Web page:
Daily Camera - September 6, 2009
By Bill Ritter and Barbara O'Brien
Education is the foundation of any strong economy and any competitive workforce. Colorado has one of the most educated workforces in the country, and that's one big reason why our economy remains in better shape than in many other states.
Investing in a child's education is far different than any other investment. The rate of return on a child's future is measured in productivity, earnings and overall quality of life. Education opens door after door of opportunity.
But for years, Colorado has consistently imported its brain-power instead of growing its own and historically under-funded K-12 education. Since taking office in 2007, we've made education funding and reform high priorities by:
Expanding pre-school and full-day kindergarten so that thousands more kids will get off to a smart start.
Modernizing classroom content standards and annual student assessments -- including developing a more effective test to replace the Colorado Student Assessment Program.
Advancing a nationally recognized reform agenda through the work of the P-20 Education Council and Jobs Cabinet to ensure that Coloradans obtain the necessary knowledge and skills to succeed in a highly competitive global economy.
Signing legislation to provide $1 billion to renovate old, unsafe schools and build new schools around the state through the Building Excellent Schools Today Act.
Working together with Education Commissioner Dwight Jones, State Treasurer Cary Kennedy, lawmakers and educators, we're making a difference. Colorado's reforms have been recognized nationally and put Colorado in a strong position to compete for significant new funding through the federal Race to the Top program.
In the face of the worst global recession in 80 years, we're more dedicated to Colorado's students and Colorado's future than ever before.
Over the past year, 24 states have decreased K-12 funding. South Carolina has actually cut its K-12 funding by 14 percent, and Georgia has become the first state to impose mandatory unpaid furlough days on school teachers.
In Colorado, we've now closed budget shortfalls totaling $1.8 billion because of declining revenues. We've cut overall spending by 10.4 percent and reduced or eliminated many human service and healthcare programs.
But thanks in large part to the federal Recovery Act and Colorado's Amendment 23, we've been able to protect K-12 education funding, which is now at historic levels following several years of 5 percent annual increases.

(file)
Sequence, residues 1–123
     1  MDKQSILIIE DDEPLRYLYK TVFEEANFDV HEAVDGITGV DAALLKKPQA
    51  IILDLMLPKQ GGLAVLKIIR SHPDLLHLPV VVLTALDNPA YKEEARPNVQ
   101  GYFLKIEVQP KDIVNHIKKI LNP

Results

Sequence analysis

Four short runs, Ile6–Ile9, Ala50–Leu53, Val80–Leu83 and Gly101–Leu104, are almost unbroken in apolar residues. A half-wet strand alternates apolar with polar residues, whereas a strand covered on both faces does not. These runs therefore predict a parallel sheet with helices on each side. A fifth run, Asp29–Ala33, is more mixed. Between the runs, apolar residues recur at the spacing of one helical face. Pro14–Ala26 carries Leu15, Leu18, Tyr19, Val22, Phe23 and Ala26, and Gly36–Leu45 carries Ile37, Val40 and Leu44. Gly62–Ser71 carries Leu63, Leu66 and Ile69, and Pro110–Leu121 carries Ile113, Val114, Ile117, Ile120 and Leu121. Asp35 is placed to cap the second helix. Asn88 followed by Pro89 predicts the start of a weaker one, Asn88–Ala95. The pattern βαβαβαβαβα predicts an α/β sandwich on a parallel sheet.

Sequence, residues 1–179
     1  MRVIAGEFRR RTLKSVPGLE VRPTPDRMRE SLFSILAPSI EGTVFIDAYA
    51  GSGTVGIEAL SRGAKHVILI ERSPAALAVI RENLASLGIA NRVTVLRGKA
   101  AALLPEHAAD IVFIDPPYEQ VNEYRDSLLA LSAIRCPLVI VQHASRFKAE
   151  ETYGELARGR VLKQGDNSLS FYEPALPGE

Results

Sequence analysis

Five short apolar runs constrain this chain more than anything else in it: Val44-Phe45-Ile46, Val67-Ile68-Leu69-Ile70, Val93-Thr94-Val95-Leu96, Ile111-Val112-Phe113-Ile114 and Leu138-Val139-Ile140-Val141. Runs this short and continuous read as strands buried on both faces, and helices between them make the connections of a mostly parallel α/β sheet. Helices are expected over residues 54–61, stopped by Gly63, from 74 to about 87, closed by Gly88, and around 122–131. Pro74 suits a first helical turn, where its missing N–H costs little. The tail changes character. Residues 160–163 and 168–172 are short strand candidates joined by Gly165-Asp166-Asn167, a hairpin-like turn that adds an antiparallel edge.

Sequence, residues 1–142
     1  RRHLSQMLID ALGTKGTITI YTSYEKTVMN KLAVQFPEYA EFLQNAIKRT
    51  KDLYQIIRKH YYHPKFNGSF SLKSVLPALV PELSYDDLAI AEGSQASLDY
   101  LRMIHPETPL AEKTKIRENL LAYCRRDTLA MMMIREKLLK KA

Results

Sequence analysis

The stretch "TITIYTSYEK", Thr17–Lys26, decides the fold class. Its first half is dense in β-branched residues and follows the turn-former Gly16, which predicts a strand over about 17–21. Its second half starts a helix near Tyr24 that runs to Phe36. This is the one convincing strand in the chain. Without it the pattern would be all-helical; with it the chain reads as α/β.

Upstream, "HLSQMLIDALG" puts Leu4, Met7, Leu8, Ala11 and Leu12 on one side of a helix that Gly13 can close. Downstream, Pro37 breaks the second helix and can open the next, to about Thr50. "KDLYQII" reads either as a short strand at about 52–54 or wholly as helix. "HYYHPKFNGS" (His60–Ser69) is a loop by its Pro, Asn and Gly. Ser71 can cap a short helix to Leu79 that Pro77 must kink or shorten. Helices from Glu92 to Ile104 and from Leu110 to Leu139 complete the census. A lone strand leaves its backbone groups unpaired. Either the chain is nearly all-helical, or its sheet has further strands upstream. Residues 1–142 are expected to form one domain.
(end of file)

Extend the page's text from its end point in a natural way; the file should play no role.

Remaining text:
Total K-12 education funding now amounts to $5.7 billion a year and constitutes 43 percent of the state's General Fund budget, the single biggest slice of the pie.
While we are examining all possible options to avoid K-12 reductions, we have a responsibility to prepare. In January, the legislature is expected to rescind $110 million from K-12 education that had previously been put on hold for the current 2009-10 budget.
Even after this rescission, school funding will still be up 4.5 percent from the previous year.
Looking forward to FY10-11, additional K-12 cuts may also be needed. We will have a clearer sense later this month once we receive preliminary property assessments and new state revenue and inflation forecasts.
Any reduction to K-12 education, even a modest one, would be difficult. These are all tough decisions. We have approached each spending reduction with the same goal: to minimize pain to people, protect the safety net and maintain investments in our future. These decisions are being made carefully, surgically and compassionately.
Some argue that Amendment 23 prohibits K-12 funding from being reduced at all. The Governor's Office has come to a different legal conclusion. Regardless, we all must work together to balance the state budget in a way that preserves our values and positions Colorado for a strong, healthy and quick recovery.
We've been meeting regularly with education officials, elected leaders and others to explore all possible options. We will continue analyzing every alternative in the weeks and months ahead.
As children, teachers and parents settle in to the new school year, we remain committed to working closely with the education community to minimize any impact on our classrooms and our students.
Colorado's future depends on it.
Bill Ritter is governor of Colorado. Barbara O'Brien is lieutenant governor.